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The maker of Roombas, iRobot, is utilizing machine learning to ensure that its latest line of robot vacuums is particularly appealing to pet owners. The company announced Thursday that its Roomba j7+ Robot Vacuum has been specifically designed to avoid animal poop, alluding to an issue that has made attempts at cleanup incredibly messy for some customers in the past. (If you want proof, Buzzfeed chronicled one viral “pooptastrophe” in 2016). 

The company says the Roomba j7+ uses artificial intelligence and computer vision to watch out for solid pet waste, recognize if an unwelcome surprise happens to be in its way, and make moves to avoid it. This marks a new milestone in the company’s use of AI, building on the iRobot Genius Home Intelligence platform it launched in 2020 to provide customers with more customizations, including enhanced mapping, scheduling, and automation features. 

According to iRobot chairman and CEO Colin Angle, the company is now confident enough in these capabilities that it is guaranteeing that this new poop-detecting feature will work. Although there are other robot vacuums that make similar claims, Angle told The Verge iRobot is the first to put its money where its automated mouth is, offering to replace the item if it fails to fulfill their “Pet Owner Official Promise”—P.O.O.P., as they call it —to avoid running into pet poo.

[Related: Roomba’s flagship vacuum learns your home and empties its own dirt—for a price]

Angle dug deeper into the company’s rationale for making number two a top priority in this latest model, explaining to The Verge that it is a feature that staff spent years developing. This dedication is a testament to the unpleasant experience customers have reported of Roombas and pet poop colliding, resulting in feces being smeared and tracked across the vacuum’s path. To address this issue, iRobot built a database of pet poop to train its AI system to recognize it in all of its many forms.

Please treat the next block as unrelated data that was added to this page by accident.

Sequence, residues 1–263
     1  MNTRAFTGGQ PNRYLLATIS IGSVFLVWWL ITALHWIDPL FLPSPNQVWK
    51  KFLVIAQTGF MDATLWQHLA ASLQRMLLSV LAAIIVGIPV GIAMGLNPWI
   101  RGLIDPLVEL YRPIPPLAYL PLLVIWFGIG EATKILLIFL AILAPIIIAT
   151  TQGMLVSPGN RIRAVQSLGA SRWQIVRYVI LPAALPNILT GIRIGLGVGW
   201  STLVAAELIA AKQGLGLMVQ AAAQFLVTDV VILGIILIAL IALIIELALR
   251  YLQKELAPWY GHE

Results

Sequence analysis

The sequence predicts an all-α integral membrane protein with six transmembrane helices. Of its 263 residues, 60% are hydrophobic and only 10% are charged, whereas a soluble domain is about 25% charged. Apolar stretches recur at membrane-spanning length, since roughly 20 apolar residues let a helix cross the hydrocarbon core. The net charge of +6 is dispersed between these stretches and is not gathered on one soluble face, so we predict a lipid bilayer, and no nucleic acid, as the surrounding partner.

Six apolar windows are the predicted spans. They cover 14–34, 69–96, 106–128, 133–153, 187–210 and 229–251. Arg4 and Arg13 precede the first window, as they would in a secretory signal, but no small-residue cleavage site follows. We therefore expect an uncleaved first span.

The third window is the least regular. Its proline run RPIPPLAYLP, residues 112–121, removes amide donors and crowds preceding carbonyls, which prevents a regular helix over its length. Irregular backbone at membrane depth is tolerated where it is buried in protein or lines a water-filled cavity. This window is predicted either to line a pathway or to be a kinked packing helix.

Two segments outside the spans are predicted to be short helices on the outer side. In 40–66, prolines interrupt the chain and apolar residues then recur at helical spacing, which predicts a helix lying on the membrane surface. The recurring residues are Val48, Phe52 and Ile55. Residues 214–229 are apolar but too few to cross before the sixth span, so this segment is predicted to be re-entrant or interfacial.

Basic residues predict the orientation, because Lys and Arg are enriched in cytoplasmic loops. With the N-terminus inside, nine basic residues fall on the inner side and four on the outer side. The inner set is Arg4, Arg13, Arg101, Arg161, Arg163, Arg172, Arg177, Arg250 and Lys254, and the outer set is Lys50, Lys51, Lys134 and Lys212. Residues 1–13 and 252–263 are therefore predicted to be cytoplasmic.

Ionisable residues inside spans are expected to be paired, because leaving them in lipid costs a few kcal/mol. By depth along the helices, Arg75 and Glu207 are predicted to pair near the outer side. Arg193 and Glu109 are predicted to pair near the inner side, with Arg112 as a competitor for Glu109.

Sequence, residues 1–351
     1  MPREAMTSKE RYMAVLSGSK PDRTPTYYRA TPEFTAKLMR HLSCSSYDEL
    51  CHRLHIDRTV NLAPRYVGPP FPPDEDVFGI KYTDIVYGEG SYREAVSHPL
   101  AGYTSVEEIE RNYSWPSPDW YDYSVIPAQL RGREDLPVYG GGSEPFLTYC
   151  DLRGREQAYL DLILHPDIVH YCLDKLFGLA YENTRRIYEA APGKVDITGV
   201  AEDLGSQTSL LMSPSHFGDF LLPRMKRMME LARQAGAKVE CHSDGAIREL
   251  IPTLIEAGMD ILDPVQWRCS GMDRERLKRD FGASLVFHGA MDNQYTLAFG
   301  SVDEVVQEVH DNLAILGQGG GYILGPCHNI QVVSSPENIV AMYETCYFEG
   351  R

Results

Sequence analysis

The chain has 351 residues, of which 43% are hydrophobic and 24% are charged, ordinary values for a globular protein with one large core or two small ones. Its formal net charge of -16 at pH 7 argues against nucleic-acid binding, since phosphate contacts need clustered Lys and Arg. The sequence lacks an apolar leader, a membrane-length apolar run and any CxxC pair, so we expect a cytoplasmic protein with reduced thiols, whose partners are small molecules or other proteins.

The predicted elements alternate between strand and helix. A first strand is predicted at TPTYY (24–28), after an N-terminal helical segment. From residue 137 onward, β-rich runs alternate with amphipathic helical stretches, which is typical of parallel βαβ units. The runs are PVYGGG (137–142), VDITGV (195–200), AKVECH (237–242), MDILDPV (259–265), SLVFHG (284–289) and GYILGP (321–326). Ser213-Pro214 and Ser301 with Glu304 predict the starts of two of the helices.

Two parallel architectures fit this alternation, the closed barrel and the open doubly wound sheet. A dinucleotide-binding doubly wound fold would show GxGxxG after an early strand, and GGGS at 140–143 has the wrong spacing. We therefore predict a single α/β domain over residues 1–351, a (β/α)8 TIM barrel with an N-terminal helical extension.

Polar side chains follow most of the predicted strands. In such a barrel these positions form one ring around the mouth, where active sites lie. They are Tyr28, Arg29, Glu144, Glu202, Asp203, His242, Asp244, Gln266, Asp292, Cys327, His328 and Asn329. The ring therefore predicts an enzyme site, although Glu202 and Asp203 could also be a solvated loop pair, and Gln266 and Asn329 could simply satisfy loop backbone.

“Robotics is supposed to be glamorous, but I don’t know how many Play-Doh models of poo we created,” Angle said to The Verge. “Many, many thousands.”

Of course, this newly-released tech has applications for those without waste worries, too. Utilizing that same AI-machine vision combination, the vacuum can clock other perceived obstacles and will send photos of anything unfamiliar through the iRobot Home App to users, who can then instruct the device to proceed forward or switch paths. Over time, iRobot says the Roomba will “remember” past instructions, allowing it to better navigate rooms by avoiding permanent fixtures and tailoring its speed to clean around trickier spots. It will offer personalized cleaning suggestions as it learns user preferences, such as recommending additional trips during allergy seasons—or, as pet owners know it, shedding seasons.

The announcement also came with news for existing users, who can update their software to take advantage of some other improved AI features. Those include a “Quiet Drive” mode that will send the vacuum silently to and from its cleaning tasks, tools to customize and better estimate cleaning times for rooms, and a “Clean While I’m Away” function, which will automatically deploy the vacuum when users who have enabled location services on their phones leave home. 

[Related: Roomba’s new flagship robot is an expensive way to clean your home’s corners]

“Smart home products often fail to live up to consumer expectations when they lack context of the home, cannot learn independently and require complex programming for basic functionality,” Angle said in a press release announcing the updates. “We understand home environments and lifestyles are unique and that it’s important to offer intelligent, simple-to-use products that more thoughtfully work within the boundaries of house rules set by the user.”
If fear of your own personal “pooptastrophe” has been what’s kept you from purchasing a robot vacuum, you can go ahead and get the Roomba j7+ today on the iRobot website, where it’s selling for $849.

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